I made a post… uh… a few years ago? about holiday florals, but it’s worth revisiting since I just nabbed a new son for myself.
It’s really no wonder why the Schlumbergera needed a little rebranding. The common names for these cacti refer to their blooming season – the Christmas and Thanksgiving cactus are what you’ll see most of. (The Easter cactus is actually in the genus Hatiora.) These little beauties hail from the coastal mountains of Brazil, naturally occurring in high altitudes on rocky terrain (or sometimes in trees.)
If you want to bring one into your home, place it in a window with bright indirect light – direct sunlight will burn the segments. Avoid cold drafts. If you’re running hot air inside, place a little dish of water nearby to make its environment a little humid. They need to be fertilized during their growing season and watered only as the soil starts to dry out.
The Cuitlaxochitl (or La Flor de la Nochebuena) was “discovered” by a white dickhead who introduced the plant to the United States in the 1820s… when it had, in fact, been cultivated by the Aztecs.
Contrary to popular belief, these plants can absolutely survive all year long in your home. They need a minimum of six hours of indirect sunlight and ambient temperatures around 65F. They need to be fertilized during their blooming season. Water when the soil is dry 2-3 inches down, but absolutely avoid overwatering – and remove it from that foil, which will prevent it from draining properly. When the blooms drop off, trim it back to a few buds. It will look very dead, but will start to grow out in the early summer!
This tropical flowering lily-like plant can bloom indoors in November and December. Water when the soil is dry to an inch deep. They’re susceptible to root rot, so avoid keeping them too wet. When the flowers start to die, cut them off at the base to help the bulb conserve energy for next year. Whenever the flowers are fully done, cut the whole stalk off. In the late summer, place it in a cool, dark place to rest up, then take it out in October and get planting.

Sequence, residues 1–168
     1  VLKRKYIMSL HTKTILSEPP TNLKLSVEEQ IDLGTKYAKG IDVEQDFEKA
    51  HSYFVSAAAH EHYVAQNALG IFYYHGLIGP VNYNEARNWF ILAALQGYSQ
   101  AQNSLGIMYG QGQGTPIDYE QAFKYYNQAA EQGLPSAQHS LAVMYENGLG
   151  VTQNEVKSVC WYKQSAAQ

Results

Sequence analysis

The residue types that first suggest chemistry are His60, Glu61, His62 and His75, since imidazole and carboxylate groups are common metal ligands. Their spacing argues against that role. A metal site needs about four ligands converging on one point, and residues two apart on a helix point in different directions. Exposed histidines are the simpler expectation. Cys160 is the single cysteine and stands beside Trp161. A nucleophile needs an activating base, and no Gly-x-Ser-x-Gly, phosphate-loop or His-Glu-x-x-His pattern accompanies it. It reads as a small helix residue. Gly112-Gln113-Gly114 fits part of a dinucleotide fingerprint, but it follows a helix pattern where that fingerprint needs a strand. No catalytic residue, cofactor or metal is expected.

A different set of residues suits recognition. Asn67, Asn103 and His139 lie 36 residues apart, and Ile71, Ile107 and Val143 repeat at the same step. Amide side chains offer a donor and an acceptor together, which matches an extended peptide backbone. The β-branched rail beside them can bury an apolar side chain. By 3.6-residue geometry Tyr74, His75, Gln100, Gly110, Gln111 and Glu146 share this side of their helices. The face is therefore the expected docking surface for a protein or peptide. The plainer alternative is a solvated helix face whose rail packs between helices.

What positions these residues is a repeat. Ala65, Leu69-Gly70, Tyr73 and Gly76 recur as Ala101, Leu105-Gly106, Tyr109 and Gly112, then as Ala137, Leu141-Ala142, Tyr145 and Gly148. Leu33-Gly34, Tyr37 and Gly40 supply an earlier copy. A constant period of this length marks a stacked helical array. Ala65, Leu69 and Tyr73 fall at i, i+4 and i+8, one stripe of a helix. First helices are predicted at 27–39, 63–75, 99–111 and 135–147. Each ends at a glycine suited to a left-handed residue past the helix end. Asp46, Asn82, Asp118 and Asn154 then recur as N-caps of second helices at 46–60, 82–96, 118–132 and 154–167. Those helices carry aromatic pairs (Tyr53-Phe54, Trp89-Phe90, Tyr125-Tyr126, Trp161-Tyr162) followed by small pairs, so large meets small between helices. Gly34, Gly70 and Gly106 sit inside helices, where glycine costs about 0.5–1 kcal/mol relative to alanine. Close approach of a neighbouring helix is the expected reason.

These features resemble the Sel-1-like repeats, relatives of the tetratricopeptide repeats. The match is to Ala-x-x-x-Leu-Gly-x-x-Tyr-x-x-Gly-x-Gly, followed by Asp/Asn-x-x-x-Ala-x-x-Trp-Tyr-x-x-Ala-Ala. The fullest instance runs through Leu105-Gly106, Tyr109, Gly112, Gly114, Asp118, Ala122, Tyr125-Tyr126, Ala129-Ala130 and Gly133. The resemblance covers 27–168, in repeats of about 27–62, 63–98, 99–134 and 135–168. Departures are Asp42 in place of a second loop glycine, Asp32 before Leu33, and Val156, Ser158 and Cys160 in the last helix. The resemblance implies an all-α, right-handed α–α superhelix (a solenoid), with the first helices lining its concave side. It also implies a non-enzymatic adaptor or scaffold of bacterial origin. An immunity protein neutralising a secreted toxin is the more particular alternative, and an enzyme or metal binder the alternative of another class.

If you purchase one that’s coated in wax, it will only bloom once. That said, they are easier to grow, so they make a great gift for people who aren’t so great at gardening. Plus, they just look super bougie.
The adorable little Narcissus papyraceus blooms are super cute, but bad news: because the bulbs have been “forced” to grow for Christmas, they won’t bloom again. Enjoy them while you have them, then let them go when they’re done.
Norfolk Island Pine
Um okay this isn’t actually a pine tree. They’re slow-growing little babies that make perfect living Christmas trees. They don’t do well outdoors in most of North America or Europe, so enjoy them as houseplants. They’re cute and soft and huggable. Yes, I’m okay.
These are a great gift, often sold shaped into Christmas trees this time of year. They have a wonderful scent and can easily be transplanted outdoors in the spring. This is a great gift for your culinary-minded friendos.
Perhaps no other plant is sold with worse care instructions than the orchid. Orchids are incredibly fussy creatures and no, placing an ice cube in the dirt every other week is not the move. They need humidity and bright, indirect light. They need special fertilizer and controlled temperatures and never mind that each variety of orchid has different care needs. You can find orchids all year, but I recommend against giving this needy baby as a gift.